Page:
When I sat down with Bonner Paddock over Mexican food last week, he was all smiles. The guy deserves to be. In October, he became the first person with cerebral palsy to complete the Ironman World Championship triathlon in Kailua-Kona, Hawaii.
That’s a tough statement to quantify—mostly because becoming an Ironman is hard enough on its own. Finishing the race with cerebral palsy kicks the accomplishment into a whole new stratosphere. I’ve tried thinking up a tidy analogy to explain the 37-year-old’s achievement, but can’t find any. Maybe if Willis Reed’s Injury Game had lasted about eight times longer.
“After Ironman, any chip that I had on my shoulder—coming out of a childhood where I was teased a lot—is gone. Now I want to turn my focus to raising awareness and changing perceptions about disabilities around the world.”
To be clear: Bonner’s CP affects “the majority of the muscles in the lower half of his body” according to his longtime physician, Afshin Aminian, M.D. Needless to say, those muscles are pretty damn crucial for someone trying to finish a 2.4-mile swim, 112-mile bike ride and 26.2-mile run in less than 17 hours.
As Bonner and I spoke, I found myself trying to imagine the physical pain he endured mid-race. Months earlier, Ironman legend Greg Welch told me: “The pain will be like nothing Bonner’s ever experienced.” Knowing that Welch once broke his elbow and collarbone during an Ironman event and still finished third, I took him at his word.
When I asked Bonner whether the pain prophecy had come true, he told me about jamming blocks of ice down his compression shorts during the bike ride to cool his overheated hip flexors. When the ice melted, rivulets of water ran down his legs and into his cycling boots, causing his feet to blister. And he still had the marathon to look forward to. As he talked, Bonner pulled out his cell phone and shared photos taken minutes after crossing the finish line.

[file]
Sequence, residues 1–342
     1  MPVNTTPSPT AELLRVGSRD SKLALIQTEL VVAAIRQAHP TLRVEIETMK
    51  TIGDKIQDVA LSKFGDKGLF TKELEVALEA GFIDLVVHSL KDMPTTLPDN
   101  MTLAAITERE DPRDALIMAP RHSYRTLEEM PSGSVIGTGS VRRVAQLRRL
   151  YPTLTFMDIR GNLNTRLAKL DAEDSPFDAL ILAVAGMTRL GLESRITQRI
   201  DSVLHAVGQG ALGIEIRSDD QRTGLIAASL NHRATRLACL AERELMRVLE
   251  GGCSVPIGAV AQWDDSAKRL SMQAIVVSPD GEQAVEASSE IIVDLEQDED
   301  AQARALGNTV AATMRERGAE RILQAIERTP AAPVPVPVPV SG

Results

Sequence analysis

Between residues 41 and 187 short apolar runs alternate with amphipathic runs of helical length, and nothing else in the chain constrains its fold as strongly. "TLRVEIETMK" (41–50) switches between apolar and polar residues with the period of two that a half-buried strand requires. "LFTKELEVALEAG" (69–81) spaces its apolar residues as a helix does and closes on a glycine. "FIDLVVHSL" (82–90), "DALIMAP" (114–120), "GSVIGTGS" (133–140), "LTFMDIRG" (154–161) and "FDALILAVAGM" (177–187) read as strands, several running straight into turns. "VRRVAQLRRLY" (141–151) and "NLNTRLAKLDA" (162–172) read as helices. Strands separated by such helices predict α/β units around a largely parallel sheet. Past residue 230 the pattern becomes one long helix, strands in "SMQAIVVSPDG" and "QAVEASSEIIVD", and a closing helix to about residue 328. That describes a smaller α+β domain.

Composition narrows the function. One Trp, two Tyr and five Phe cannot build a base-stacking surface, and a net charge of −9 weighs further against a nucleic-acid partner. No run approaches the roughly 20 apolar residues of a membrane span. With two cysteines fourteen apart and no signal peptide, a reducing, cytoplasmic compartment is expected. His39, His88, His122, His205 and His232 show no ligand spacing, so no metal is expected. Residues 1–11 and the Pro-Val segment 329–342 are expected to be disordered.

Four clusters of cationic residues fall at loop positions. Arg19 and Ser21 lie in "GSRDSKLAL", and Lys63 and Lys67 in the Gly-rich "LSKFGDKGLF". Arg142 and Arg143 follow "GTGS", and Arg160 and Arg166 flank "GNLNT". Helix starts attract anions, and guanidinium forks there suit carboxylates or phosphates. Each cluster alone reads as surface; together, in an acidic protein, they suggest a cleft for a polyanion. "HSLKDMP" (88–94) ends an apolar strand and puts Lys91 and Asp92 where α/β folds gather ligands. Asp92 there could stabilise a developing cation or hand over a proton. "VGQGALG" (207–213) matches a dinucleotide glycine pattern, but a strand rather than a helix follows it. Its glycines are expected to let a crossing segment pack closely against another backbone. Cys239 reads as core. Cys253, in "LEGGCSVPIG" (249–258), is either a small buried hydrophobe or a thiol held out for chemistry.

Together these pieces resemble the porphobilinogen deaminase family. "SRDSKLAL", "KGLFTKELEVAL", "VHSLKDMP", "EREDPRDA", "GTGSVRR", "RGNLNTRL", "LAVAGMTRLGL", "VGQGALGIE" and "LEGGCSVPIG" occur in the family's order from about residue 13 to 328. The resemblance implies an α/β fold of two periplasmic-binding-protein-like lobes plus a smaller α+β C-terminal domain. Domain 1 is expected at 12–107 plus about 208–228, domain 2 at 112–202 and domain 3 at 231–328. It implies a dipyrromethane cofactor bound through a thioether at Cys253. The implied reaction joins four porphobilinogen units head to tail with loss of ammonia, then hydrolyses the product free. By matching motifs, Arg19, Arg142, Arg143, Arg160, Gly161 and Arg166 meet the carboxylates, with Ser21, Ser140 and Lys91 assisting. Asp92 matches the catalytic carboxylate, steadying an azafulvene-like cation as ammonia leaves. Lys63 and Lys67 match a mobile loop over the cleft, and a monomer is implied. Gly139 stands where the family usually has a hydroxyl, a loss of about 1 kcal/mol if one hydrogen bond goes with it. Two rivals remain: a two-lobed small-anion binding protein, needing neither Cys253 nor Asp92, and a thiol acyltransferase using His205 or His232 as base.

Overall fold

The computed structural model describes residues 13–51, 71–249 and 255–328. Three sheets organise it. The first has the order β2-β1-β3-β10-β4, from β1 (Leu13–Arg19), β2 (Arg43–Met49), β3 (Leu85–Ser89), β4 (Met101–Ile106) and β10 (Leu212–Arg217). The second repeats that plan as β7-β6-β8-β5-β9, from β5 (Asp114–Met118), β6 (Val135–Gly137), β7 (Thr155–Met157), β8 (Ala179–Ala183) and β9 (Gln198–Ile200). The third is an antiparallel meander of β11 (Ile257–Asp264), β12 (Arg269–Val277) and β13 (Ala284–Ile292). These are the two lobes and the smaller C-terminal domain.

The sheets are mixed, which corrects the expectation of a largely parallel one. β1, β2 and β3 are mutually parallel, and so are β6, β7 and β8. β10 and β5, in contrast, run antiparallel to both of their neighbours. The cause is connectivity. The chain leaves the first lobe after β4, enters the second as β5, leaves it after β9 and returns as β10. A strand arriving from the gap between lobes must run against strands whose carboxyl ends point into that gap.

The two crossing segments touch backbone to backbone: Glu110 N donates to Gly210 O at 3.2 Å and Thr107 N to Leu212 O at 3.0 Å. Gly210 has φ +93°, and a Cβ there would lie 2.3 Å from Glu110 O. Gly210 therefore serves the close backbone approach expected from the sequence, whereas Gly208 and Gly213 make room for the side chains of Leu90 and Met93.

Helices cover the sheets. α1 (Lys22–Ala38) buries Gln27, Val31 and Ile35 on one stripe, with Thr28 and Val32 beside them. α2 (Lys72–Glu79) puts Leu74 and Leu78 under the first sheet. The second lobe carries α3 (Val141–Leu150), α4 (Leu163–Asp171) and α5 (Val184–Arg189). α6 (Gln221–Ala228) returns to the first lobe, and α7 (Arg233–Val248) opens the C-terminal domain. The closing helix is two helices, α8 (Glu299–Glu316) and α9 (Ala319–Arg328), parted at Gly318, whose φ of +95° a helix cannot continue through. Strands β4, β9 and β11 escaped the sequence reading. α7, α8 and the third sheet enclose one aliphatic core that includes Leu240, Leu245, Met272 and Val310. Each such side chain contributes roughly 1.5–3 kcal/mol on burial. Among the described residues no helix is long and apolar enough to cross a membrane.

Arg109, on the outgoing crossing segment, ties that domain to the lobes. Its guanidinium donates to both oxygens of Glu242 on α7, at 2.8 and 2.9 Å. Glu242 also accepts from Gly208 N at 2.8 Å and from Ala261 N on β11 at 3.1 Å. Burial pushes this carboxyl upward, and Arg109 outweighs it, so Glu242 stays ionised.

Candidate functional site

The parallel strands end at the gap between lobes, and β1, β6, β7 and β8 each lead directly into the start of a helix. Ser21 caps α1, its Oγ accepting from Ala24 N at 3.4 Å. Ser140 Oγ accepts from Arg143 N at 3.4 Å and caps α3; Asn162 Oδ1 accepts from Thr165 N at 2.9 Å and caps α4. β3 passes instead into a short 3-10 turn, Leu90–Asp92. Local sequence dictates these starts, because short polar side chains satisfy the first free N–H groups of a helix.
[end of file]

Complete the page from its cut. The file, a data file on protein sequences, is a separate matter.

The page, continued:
Seeing those blisters left me in awe of the tremendous force of will that Bonner put on display in Kona. A blister like that is a badge of courage—earned through nearly seventeen hours of constant exertion (he finished the race with about 20 minutes to spare).
That’s called fortitude. And it’s exactly what Nick Offerman’s character on Parks and Recreation, Ron Swanson, is afraid this generation has lost.
I don’t think we’ve lost it so much as we haven’t cultivated it. In a sense, that level of determination operates like a muscle in its own right. As such, it requires training. Bonner built up to the Ironman by climbing Mount Kilimanjaro (the first person with CP to do that, too). A documentary about that ascent, Beyond Limits, convinced Welch to coach Bonner through his Ironman bid.
“There’s one point in the Kilimanjaro climb where you could see that he was really struggling,” Welch said. “But he still dragged himself to the top…so I knew he wouldn’t quit in Kona.”
So where does that level of tenacity bubble up from? What kept Bonner going when his blisters burst?
His answer was simple: “First, I think of Jake.”
Jake Robert was the four year-old son of one of Bonner’s friends. The boy also had CP and died just after Bonner’s first half-marathon.
“His death changed everything. When I feel like quitting, that’s where my mind goes. From there, I begin to think of other kids—the kids with disabilities who’ve put their trust in me.”
Bonner poses with Light in Africa’s Mama Lynn and Juliana, days before her surgery.
Through his 501c-3, The OM Foundation, Bonner has raised money to start centers for children with disabilities in the US and Tanzania. Recently, the foundation sponsored a visit to California for a Tanzanian girl, Juliana Williams, to get surgery, prosthetics and physical therapy that she couldn’t get back home. The Kilimanjaro climb brought in $262,000. More than $600,000 has already come in because of Ironman.
As we finished dinner, Bonner spoke with humility about his accomplishments. Athletically, he has nothing left to prove (and his doctors are concerned about the toll that Ironman took on his body). But Bonner is still on a mission—driven by a desire to change how people with disabilities are perceived around the world.
“After Ironman, any chip that I had on my shoulder—coming out of a childhood where I was teased a lot—is gone,” he said. “Now I want to turn my focus to raising awareness and changing perceptions about disabilities around the world. But I want to approach it with the same level of commitment that it took to run Ironman. More even.”
I left the restaurant inspired. In many ways, Bonner epitomizes the best in this generation of men. He’s proven himself physically (while smashing through any perceived limits) while seeking to serve others. He sees the big picture and carves out his own unique place in it.
At the same time, he adheres to at least one of those age-old, original elements of manliness: the strength, when the going gets tough, to just keep going.
No matter how badly his feet scream for him to stop.
Keep up with Bonner at 1man1mission.org.
Like the OM Foundation on Facebook. (It raises a dollar for every Like.)